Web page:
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Seeking connections

Posted Jun 11, 2013

The Bengals mandatory minicamp set for Tuesday through Thursday at the Paul Brown Stadium practice fields may end up looking a lot like this past Sunday's downtown Cincinnati celebrity waiter fundraiser and next month's Metroplex passing camp.


Mohamed Sanu

The Bengals mandatory minicamp set for Tuesday through Thursday at the Paul Brown Stadium practice fields may end up looking a lot like this past Sunday's downtown Cincinnati celebrity waiter fundraiser and next month's Metroplex passing camp.

Both have the red flair of quarterback Andy Dalton, who along with wife Jordan hosted the second annual bash at Jeff Ruby's Restaurant for their foundation's sprawling effort to help all kinds of needy children in the Cincinnati effort. Then after this week's final three workouts of the spring, Dalton plans to host the receivers near his Dallas home before the Bengals reconvene for training camp the final week of July.

"If that's where everybody is, that's where I'll be," wide receiver Marvin Jones said.

Dalton's anticipated chemistry with Jones and Mohamed Sanu, his two sophomore wide receivers that are favored to flank two-time Pro Bowl wide receiver A.J. Green, is a pro on the list of pros and cons for a third straight Bengals postseason run. It was certainly on display Sunday, where Sanu served the Bruschetta and Jones went with the crab and cherries during happy hour as they joined forces with Ryan Whalen to take care of the receivers' trays.

But it is Sanu and Jones that are getting the spotlight because of what they did in the last two months of last season. The burly Sanu bulled for four touchdowns in his last three games before a season-ending foot fracture in a Nov. 29 practice. The fleet Jones started the next five games and had his career day when he delivered five catches for 65 yards in the Pittsburgh slugfest that yielded no offensive TDs and less than 500 yards.

Yet Jones has been watching tape of two almosts.

On Dalton's pass from the Steelers 23, Jones leaped over cornerback Keenan Lewis in the end zone and had the ball. But Lewis kept battling and the ball came out as they hit the ground. Then two weeks later early in the playoffs on a deep ball at the Texans 10, Dalton threw it a tad late and it was broken up by cornerback Kareem Jackson. Jones tips his hat to Lewis while scolding himself.

"Those are the plays that I'm looking to make 10 out of 10 times," Jones said. "Looking at it in slow motion, you have to give it up to him. He made a great play. But that's football."

The near miss in Houston that could have had a significant impact on a game that had just one offensive TD is one of the reasons the Bengals have immersed Dalton and his receivers in the long ball this spring.

"The long ball allows this offense to do what it does," Jones said. "We've worked a lot on that connection. It's all about feel. I think we've got that now. Last year when I first came in from college, it was an adjustment to learn to run through each (long ball). It was important to get multiple reps on back-to-back plays in big games."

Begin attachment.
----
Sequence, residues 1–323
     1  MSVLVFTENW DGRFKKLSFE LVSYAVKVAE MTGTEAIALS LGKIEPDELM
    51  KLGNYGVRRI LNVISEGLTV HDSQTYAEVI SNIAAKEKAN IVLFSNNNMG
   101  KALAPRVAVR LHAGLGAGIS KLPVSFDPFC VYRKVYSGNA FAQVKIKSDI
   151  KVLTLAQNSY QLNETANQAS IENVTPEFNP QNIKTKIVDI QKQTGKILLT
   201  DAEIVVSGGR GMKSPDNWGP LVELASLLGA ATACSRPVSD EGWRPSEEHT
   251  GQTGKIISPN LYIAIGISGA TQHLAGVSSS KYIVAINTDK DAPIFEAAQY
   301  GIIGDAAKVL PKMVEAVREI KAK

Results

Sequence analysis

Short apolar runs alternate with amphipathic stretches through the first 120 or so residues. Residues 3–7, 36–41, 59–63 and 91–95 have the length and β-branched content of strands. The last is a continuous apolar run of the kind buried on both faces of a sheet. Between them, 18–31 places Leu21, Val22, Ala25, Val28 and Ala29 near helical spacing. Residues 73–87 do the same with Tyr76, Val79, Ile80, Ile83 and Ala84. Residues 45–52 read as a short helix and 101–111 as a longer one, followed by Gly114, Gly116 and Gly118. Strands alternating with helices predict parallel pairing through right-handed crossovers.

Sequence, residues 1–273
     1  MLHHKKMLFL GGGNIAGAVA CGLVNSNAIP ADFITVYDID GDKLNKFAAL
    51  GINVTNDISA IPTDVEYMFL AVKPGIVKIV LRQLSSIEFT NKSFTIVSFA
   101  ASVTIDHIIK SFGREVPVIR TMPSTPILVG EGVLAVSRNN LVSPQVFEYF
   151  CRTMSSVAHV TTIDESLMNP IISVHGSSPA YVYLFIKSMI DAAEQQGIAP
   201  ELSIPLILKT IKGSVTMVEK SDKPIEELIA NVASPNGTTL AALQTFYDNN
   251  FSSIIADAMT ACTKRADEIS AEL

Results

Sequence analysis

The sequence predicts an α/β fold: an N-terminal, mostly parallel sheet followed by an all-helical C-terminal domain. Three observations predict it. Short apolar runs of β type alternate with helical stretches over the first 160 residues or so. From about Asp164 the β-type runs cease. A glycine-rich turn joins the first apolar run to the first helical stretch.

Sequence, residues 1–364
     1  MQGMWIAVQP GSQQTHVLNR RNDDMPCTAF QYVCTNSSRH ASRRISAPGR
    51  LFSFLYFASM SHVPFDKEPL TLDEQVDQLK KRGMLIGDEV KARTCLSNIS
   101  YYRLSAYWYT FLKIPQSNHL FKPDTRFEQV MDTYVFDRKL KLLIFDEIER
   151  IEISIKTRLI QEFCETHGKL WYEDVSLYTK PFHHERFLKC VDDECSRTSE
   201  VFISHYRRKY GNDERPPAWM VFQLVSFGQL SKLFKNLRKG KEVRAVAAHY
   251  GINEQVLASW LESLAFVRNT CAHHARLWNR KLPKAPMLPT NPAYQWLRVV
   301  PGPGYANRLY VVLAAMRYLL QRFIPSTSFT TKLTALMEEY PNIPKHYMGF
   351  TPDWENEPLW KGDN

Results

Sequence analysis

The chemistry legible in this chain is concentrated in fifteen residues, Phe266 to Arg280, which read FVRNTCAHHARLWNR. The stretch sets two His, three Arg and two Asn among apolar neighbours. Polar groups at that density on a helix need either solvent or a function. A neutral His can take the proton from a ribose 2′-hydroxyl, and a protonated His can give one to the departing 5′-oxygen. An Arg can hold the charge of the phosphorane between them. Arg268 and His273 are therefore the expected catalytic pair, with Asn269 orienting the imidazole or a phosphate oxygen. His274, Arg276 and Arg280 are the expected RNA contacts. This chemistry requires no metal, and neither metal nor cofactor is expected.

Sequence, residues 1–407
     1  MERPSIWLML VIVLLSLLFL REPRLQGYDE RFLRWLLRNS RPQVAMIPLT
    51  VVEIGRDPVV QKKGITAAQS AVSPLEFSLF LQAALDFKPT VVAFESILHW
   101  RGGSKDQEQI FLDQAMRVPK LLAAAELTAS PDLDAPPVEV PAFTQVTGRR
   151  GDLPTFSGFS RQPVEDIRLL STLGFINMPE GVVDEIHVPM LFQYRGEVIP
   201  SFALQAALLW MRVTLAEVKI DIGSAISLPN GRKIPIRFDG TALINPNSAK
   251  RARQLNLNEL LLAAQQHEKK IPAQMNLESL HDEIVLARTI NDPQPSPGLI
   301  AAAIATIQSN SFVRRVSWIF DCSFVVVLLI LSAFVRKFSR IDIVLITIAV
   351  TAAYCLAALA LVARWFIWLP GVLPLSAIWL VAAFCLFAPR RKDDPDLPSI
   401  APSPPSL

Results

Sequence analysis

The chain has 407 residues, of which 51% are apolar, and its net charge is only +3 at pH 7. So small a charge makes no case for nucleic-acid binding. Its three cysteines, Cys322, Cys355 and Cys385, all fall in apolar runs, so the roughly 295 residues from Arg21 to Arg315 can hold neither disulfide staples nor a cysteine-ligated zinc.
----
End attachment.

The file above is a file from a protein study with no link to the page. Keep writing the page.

As a versatile type that can line up in so many spots along the front and back, Sanu may not be perceived as a deep threat at 9.8 yards per catch. But the frontrunner to start opposite Green, as well as anchor the slot, he's been running his share of deep routes this spring.

"You can definitely feel the difference day by day. Every opportunity we get, we're running the nine route, we're attacking the deep part of the field," Sanu said. "Andy's making great plays, throwing the ball time after time to give us a chance to make the play.

"I think the emphasis has been (for the receivers), no matter the ball, if you can get a hand on it, it should be a catch."

A knee injury kept Jones out of the lineup until December. Sanu didn't have his first catch until Oct. 21.

"These guys have another year under their belt in the system. We all do, so we've got to make sure we're better," Dalton said. "They understand what they're doing and I'm comfortable with them."

Dalton says he'll try to get as many receivers as possible to Dallas next month to prep for camp in a brief get-together. He joked as he watched his receivers work the room Sunday night in aprons doing the dishing instead of him.

"This is the most important thing that they came to," he said.

It certainly was no joke for the Daltons' five-pronged approach to help families of critically-ill children with technological educational resources at children's hospitals, a date night for parents, free tips to Kings Island, medical equipment, and a holiday party. Along with a silent auction in the back room, diners paying $300 and $400 were treated to a five-star, four-course meal.

"I appreciate what you do man; this is a great event," Sanu said as he gave Dalton a hug on his way out the door. "I'll be doing it again next year."

Now they try to take the same chemistry on the field as spring slides into summer.

 

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